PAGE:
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J Biol Chem. 2007 Feb 16;282(7):4681-92. Epub 2006 Dec 1.

Characterization of the 2-hydroxy-acid dehydrogenase McyI, encoded within the microcystin biosynthesis gene cluster of Microcystis aeruginosa PCC7806.

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  • 1School of Biotechnology and Biomolecular Sciences, University of New South Wales, Sydney, New South Wales 2052, Australia.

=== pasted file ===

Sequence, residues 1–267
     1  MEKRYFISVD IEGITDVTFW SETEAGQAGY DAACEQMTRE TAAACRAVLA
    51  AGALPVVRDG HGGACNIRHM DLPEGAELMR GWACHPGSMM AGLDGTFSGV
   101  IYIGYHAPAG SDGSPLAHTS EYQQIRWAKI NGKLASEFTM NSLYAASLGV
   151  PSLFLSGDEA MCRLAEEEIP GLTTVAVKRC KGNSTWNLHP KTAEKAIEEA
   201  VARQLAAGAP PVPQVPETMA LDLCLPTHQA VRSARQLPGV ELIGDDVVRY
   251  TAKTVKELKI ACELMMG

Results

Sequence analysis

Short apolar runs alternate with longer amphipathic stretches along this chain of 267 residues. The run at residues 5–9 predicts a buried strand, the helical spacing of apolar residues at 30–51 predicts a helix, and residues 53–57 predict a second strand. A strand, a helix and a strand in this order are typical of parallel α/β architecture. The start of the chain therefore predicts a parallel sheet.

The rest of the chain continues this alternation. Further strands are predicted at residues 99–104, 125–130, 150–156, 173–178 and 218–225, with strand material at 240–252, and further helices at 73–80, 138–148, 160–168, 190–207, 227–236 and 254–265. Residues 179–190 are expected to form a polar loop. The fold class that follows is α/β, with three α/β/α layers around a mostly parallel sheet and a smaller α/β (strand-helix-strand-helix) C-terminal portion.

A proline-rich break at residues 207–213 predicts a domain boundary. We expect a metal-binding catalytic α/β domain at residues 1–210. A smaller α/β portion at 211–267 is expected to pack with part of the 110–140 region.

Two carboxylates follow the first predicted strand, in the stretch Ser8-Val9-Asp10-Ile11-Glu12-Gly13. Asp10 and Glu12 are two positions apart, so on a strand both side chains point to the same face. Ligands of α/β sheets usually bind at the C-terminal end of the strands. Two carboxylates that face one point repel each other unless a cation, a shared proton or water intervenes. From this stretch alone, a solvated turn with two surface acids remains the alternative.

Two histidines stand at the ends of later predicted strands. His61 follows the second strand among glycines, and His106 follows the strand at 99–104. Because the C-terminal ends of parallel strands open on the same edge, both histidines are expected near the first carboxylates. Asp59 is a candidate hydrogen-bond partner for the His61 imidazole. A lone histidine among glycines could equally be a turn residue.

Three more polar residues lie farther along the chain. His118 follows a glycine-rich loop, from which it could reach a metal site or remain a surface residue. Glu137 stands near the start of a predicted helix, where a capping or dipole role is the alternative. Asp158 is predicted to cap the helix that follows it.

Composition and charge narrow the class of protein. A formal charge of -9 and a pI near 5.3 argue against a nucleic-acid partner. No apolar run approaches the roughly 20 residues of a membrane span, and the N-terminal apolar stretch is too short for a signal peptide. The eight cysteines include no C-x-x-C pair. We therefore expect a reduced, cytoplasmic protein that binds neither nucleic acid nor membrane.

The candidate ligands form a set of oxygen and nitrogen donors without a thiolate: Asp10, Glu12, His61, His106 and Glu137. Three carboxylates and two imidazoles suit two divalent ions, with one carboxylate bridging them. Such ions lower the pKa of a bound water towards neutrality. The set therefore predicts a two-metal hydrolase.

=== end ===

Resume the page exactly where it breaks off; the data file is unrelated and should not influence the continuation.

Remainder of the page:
The cyanobacterium Microcystis aeruginosa is widely known for its production of the potent hepatotoxin microcystin. This cyclic heptapeptide is synthesized non-ribosomally by the thio-template function of a large modular enzyme complex encoded within the 55-kb microcystin synthetase gene (mcy) cluster. The mcy gene cluster also encodes several stand-alone enzymes, putatively involved in the tailoring and export of microcystin. This study describes the characterization of the 2-hydroxy-acid dehydrogenase McyI, putatively involved in the production of d-methyl aspartate at position 3 within the microcystin cyclic structure. A combination of bioinformatics, molecular, and biochemical techniques was used to elucidate the structure, function, regulation, and evolution of this unique enzyme. The recombinant McyI enzyme was overexpressed in Escherichia coli and enzymatically characterized. The hypothesized native activity of McyI, the interconversion of 3-methyl malate to 3-methyl oxalacetate, was demonstrated using an in vitro spectrophotometric assay. The enzyme was also able to reduce alpha-ketoglutarate to 2-hydroxyglutarate and to catalyze the interconversion of malate and oxalacetate. Although NADP(H) was the preferred cofactor of the McyI-catalyzed reactions, NAD(H) could also be utilized, although rates of catalysis were significantly lower. The combined results of this study suggest that hepatotoxic cyanobacteria such as M. aeruginosa PCC7806 are capable of producing methyl aspartate via a novel glutamate mutase-independent pathway, in which McyI plays a pivotal role.

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